Darren Chaker prevailed in a First Amendment challenge in Texas. Due to multiple deputies of Harris County Constable Ron Hickman being arrested, Darren Chaker, http://darrenchaker.us , made an open records request for the names of all deputies of his office. In lieu of Constable Hickman providing the information, he directed his attorney to oppose the request and ask the Texas Attorney General to issue an opinion denying the request in large part it was feared the names would lead to the home addresses. After Darren retained one of the premier First Amendment attorneys in Texas, a letter brief was filed opposing the position of the constable.  An opinion was issued denying the position of Constable Hickman, and ordering the records sought to be released by Darren Chaker.

Nonetheless, the position of Fourth Precinct Constable Hickman was meritless. The disclosure of addresses of police is constitutional since the manner of posting the home address is merely the redistribution of a public record since home address are located in the county recorder’s office or in a publicly accessible database typically used for skip tracing.

Specifically, the mere posting of personal information does not alone suffice to establish a true threat. Cf. Brayshaw v. City of Tallahassee, No. 4:09-cv-373/RS-WCS, 2010 WL 1740832, *3 (N.D. Fla. April 30, 2010) (“Merely publishing an officer’s address and phone number, even with intent to intimidate, is not a ‘true threat’ as defined in constitutional law jurisprudence.”). The Florida statute at issue in Brayshaw was proscribing the unauthorized publication of the home address or telephone number of any law enforcement officer, with malice and intent to intimidate on the part of the speaker, was not narrowly tailored to serve the state interest of protecting police officers from harm or death, and thus was facially invalid under the First Amendment; statute was overinclusive in proscribing speech that was not a true threat and underinclusive both in its failure to prohibit dissemination of the same information by other entities to third-parties who intended to harm or intimidate officers, and in its failure to punish parties who actually wished to harm or intimidate police officers and obtain the officer’s identifying information, and statute was a content-based restriction on speech.

In United States v. Carmichael, 326 F. Supp. 2d 1267, 1270 (M.D. Ala. 2004), the court found that blocking a website containing publicly accessed information about government informants would violate First Amendment. However, just because information is public does not mean that the most convenient method of access is required. See U.S. Dept. of Justice v. Reporters Comm. for Freedom of the Press, 489 U.S. 749, 779-80 (1989) , holding disclosure of an FBI rap sheet to a third party “could reasonably be expected to constitute an unwarranted invasion of personal privacy” however a rap sheet is by statute protected information and public records are not protected information, thus no expectation of privacy is warranted.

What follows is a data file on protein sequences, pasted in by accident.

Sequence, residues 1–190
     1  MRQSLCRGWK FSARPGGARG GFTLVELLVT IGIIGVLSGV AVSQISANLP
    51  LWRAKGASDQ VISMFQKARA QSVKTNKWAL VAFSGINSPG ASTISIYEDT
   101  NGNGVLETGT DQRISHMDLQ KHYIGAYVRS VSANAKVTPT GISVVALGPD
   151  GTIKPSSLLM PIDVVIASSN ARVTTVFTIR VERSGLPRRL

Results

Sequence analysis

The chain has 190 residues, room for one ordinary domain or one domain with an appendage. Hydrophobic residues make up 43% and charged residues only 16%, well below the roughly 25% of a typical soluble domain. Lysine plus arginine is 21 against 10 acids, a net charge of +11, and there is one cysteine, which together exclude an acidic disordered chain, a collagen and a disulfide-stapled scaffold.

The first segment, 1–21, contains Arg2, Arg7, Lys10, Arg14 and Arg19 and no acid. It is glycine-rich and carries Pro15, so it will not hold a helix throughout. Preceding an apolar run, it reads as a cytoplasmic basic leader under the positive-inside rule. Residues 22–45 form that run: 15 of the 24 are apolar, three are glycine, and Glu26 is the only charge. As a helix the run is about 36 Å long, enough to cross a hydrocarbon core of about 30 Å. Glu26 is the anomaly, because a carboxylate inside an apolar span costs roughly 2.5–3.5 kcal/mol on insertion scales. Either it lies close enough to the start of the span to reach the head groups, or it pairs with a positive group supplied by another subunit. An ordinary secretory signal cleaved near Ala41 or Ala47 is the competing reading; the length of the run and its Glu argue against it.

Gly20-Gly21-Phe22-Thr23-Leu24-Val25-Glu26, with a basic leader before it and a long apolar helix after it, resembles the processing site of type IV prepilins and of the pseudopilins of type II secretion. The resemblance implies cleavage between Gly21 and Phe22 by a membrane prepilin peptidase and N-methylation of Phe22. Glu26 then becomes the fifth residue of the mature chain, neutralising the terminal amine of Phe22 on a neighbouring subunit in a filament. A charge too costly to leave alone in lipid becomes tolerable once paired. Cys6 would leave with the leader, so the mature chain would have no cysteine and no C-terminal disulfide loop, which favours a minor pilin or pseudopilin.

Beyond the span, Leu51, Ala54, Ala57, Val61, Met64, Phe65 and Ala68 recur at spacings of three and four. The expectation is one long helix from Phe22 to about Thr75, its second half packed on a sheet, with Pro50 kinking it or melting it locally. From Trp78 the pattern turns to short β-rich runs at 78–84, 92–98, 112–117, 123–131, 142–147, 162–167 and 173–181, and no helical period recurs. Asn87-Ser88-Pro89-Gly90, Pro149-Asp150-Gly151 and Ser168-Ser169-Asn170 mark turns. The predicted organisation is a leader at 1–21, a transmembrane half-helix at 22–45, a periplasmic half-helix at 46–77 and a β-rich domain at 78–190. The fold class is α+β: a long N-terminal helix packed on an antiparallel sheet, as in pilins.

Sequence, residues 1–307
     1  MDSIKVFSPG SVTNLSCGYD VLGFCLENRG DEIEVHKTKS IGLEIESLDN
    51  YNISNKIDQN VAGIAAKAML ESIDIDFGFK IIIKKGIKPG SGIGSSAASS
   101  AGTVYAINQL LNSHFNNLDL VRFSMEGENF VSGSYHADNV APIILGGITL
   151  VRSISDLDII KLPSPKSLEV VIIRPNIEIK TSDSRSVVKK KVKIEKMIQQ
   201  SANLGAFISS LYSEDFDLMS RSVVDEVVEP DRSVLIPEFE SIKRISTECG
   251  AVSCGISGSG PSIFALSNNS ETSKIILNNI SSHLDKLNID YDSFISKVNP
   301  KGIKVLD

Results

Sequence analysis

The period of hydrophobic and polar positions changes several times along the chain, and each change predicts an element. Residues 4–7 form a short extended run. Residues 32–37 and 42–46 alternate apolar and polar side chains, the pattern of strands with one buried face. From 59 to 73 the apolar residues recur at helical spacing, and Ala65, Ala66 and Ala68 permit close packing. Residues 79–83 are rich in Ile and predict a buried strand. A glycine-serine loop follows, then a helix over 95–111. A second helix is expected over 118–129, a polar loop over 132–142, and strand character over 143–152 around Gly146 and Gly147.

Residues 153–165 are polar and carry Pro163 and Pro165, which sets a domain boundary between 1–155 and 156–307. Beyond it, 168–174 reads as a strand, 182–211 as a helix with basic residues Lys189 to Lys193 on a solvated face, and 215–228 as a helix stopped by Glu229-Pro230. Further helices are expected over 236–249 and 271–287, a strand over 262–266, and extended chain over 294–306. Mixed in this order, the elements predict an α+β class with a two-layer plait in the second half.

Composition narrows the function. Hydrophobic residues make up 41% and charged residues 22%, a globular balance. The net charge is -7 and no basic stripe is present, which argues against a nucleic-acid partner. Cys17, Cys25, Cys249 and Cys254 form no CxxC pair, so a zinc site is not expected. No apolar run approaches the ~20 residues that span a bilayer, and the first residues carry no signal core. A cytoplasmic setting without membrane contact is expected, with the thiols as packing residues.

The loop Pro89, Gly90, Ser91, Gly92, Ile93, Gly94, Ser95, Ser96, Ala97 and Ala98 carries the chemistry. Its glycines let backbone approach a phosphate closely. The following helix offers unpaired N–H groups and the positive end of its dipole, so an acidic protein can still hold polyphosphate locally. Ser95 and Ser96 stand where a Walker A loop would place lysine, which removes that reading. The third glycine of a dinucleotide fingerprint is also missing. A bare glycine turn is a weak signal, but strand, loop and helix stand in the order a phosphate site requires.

Likewise, in Planned Parenthood of the Columbia/Willamette, Inc. v. Am. Coal. of Life Activists, 290 F.3d 1058, 1088 (9th Cir. 2002) holding that portion of site listing the names and addresses of doctors who perform abortions enjoys First Amendment protection.

Similarly, in Sheehan v. Gregoire, 272 F. Supp. 2d 1135, 1143 (W.D. Wash. 2003) the court struck down a statute forbidding posting of personal information about police holding “that when the operator of a website critical of law enforcement challenged a statute regarding publishing personal information of officers, release of the information, without more, does not constitute a true threat.

The First Amendment gives protection to those who want to speak on unpopular ideas. This protection also precludes the government from silencing the expression of unpopular ideas. See Police Dep’t of Chi. v. Mosley, 408 U.S. 92, 95 (1972) (“[T]he First Amendment means that government has no power to restrict expression because of its message, its ideas, its subject matter, or its content.”). Accordingly, laws restricting the content of expression normally are invalid under the First Amendment unless narrowly tailored to promote a compelling state interest. See United States v. Playboy Entm’t Group, Inc., 529 U.S. 803, 813 (2000) (“If a statute regulates speech based on its content, it must be narrowly tailored to promote a compelling Government interest.”); see also R.A.V. v. City of St. Paul, 505 U.S. 377, 382 (1992) (“Content-based regulations are presumptively invalid.”).

Given the above, it is clear posting public information about police would be lawful since the record itself is already a public record, but posted online in a specific forum about police makes it more accessible.  It is unfortunate Constable Hickman decided to waste thousands of dollars of attorney time, and the time of the Texas Attorney General to oppose a constitutional request. As a consequence, Constable Hickman was responsible for making bad law for police since this was a case of first impression in Texas and has widely been used as authority for other people to obtain the names of all police serving in a department. This case marks the second First Amendment case Darren won and impacting an entire state. The first case was Chaker v. Crogan, 428 F.3d 1215 C.A.9 (Cal.),2005, Cert. denied, 547 U.S. 1128, 126 S.Ct. 2023, which invalidated a false complaint statute in California, and forced multiple other states to depublish or rewrite its law.

For filings in this case, see

Letter Brief filed for Darren Chaker, darren chaker letter brief

Texas Attorney General Opinion concerning Darren Chaker.

 

error: Content is protected !!